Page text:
CARS HOMES JOBS

Shoppers trade holiday dinner time for bargains

Thursday, November 28, 2013
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Left to right, Nicole Lemme, Jaylene Tatro and Molly Lemme (purple jacket) load up the trunk of the stretch limousine, while chauffeur Edward Marpe, of Today's Limousine stands by for assistance. The group had been shopping for 8 hours and  were exiting Target at Mohawk Commons en-route to Colonie Center at 6 am on Friday morning.
Photographer: Marc Schultz
Left to right, Nicole Lemme, Jaylene Tatro and Molly Lemme (purple jacket) load up the trunk of the stretch limousine, while chauffeur Edward Marpe, of Today's Limousine stands by for assistance. The group had been shopping for 8 hours and were exiting Target at Mohawk Commons en-route to Colonie Center at 6 am on Friday morning.

— By 4:15 p.m. Thursday, the line at the Toys R Us store on Wolf Road stretched to the corner of the building.

This line wasn’t going anywhere for another 45 minutes, and there was Rotterdam resident Kylee Fleming at the line’s end, ready to shop for Christmas gifts for her 2-year-old son.

She was also ready to do it at a decent hour: 5 p.m., rather than 5 a.m.

“It’s a lot nicer,” Fleming said of the earlier time. “I enjoy it.”

And she was ready to shop, having already fueled up on Thanksgiving dinner early.

“Dinner’s already done,” Fleming said of the early family meal. “We already had Thanksgiving cleaned up. It’s like it never happened.”

Then it was on to Christmas.

As Black Friday store openings have crept earlier and earlier, turning into Thursday night openings in some cases, shoppers have followed suit, closing the book on the Thanksgiving holiday earlier and jumping headlong into the next one.

The Toys R Us in Colonie was one of those stores pushing the opening earlier this year, giving some people the opportunity to make a new Thanksgiving tradition: Standing in the cold and waiting in line.

In Colonie, the line began just before 2 p.m., when Neil Stocks of Glenmont took the first spot.

“I wanted to beat the crowd,” a bundled-up Stocks said as he waited.

In return for making sure his three children, ages 9 months, 6 and 5, had a good Christmas, he said he skipped dinner altogether, “but they’re going to put something aside for me.”

And that was something shoppers had to deal with: how to fit in, or not fit in, Thanksgiving dinner when there were sales to be had.

As to why the opening times have crept earlier and earlier, Mark Gansky offered a simple reason: There’s money to be made.

“I know some people gripe about it; it’s 5 o’clock,” he said. “Well, don’t come. Money talks. If they aren’t going to make money, then they aren’t going to have it. They keep pushing it back because people are going to come in.”

Gansky and his family were pros at the Black Friday (now Thursday) game. Gansky was there with his wife and 17-year-old daughter.

They dressed in layers but also stayed out of the cold by waiting in line in shifts, rotating between sitting in the car and standing outside of the store.

Thursday’s high of 32 degrees ran 11 degrees below normal, according to the National Weather Service. This morning’s temperatures, for the traditional Black Friday, were expected to be in the upper teens.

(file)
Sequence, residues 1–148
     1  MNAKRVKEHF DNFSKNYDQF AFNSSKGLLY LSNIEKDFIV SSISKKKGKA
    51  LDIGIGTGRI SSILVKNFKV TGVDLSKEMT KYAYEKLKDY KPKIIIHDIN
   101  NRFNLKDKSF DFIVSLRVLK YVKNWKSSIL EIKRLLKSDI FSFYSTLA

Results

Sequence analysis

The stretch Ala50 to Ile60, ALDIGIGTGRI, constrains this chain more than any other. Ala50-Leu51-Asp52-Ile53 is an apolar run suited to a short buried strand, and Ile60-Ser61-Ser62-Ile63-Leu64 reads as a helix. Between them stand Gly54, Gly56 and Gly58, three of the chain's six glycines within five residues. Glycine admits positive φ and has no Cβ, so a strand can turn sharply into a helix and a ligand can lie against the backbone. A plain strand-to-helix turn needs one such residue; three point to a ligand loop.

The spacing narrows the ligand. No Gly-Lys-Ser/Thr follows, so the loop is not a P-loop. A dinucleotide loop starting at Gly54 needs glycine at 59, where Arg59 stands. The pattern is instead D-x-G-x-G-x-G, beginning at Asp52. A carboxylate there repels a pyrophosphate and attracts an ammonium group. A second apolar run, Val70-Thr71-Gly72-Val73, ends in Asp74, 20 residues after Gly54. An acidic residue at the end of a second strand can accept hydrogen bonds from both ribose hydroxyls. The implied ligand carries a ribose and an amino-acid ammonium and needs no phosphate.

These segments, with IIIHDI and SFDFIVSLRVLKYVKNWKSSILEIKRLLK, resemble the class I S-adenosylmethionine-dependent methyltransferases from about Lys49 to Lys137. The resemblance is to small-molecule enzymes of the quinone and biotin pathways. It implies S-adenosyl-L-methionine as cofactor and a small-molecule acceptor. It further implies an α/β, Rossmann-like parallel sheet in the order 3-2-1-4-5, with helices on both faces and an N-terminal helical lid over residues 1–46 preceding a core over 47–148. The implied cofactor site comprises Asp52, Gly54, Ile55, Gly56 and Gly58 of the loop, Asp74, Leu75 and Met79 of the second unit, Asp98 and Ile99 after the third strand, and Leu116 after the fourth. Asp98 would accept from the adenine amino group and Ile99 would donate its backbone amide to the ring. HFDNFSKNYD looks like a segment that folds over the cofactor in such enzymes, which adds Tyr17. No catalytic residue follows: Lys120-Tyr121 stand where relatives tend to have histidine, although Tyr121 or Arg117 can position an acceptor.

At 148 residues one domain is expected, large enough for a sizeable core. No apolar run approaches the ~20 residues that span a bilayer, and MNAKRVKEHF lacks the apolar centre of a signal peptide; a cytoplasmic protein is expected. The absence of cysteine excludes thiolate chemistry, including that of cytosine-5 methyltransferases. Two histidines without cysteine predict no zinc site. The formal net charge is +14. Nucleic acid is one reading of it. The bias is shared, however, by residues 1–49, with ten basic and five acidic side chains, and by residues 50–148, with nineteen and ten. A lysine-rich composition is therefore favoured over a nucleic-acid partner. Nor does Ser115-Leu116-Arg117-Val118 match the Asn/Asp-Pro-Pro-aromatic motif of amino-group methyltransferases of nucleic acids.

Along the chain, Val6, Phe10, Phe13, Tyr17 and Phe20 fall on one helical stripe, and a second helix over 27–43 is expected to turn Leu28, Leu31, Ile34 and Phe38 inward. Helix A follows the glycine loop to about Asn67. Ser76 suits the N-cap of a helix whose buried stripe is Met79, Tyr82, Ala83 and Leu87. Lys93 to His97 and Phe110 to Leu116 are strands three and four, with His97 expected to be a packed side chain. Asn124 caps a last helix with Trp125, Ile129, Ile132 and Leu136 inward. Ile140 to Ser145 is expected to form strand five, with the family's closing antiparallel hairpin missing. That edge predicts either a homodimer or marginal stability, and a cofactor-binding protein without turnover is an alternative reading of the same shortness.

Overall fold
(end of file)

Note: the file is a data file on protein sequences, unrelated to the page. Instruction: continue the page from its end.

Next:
For Gansky and his family, there was also the reclining folding chair, making life in line a little more comfortable.

“You get dressed nice and warm, pretend like it’s hunting,” he said. “Dress just like hunting” — and bring a chair.

Inside the store, workers made sure everything was in order. As the time came to open the doors, everybody got into their places.

The actual opening was as orderly as it could be. The store manager controlled the flow into the store by letting people in in groups.

With three groups of 50 inside, the line outside still stretched to the corner of the building.

As people came in, some grabbed carts and began their shopping just inside the door, glancing at displays and dropping a toy in their cart before moving in further.

Store employees controlled traffic flow inside the store, having everyone turn right after entering rather than just fanning out.

But all of this commerce came at a cost.

Heather Agan of Selkirk stood in line, bundled up for the weather, ready to shop for her children.

She did have dinner but skipped dessert.

The kids? “They’re home with dad, playing video games, eating pie.”

Agan said she would rather have been there, too, and then gone out at the traditional Black Friday early morning times. But she also wanted to make sure her gift budget for her children went as far as it could go.

“I actually liked it better having to get up early,” Agan said. “I miss my pie.

“I would rather take that nap after Thanksgiving and hang out with the kids a little longer,” she added.

Fleming, of Rotterdam, also skipped her dessert. But she did so just because she was full.

Her plans were to have it when she got home, after hitting a few other stores open on Thanksgiving.

“I’m hoping to get home well before midnight,” Fleming said.

 
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comments

November 29, 2013
11:24 a.m.
editorial says...

What a sad commentary on our society. I love the one quote, "We already had Thanksgiving cleaned up. It’s like it never happened.” Yup, like it never happened, and soon, if this trend keeps up, it won't.

You can't take one day, just one day, to be with your family and fore go the craziness that goes with this day? Do you think the people who are working would rather be spending Thanksgiving with their families, instead of having to cut their holiday short, leave their family and spend it inside a store making minimum wage?

Moreover, shame on the businesses who couldn't wait until Friday to open.

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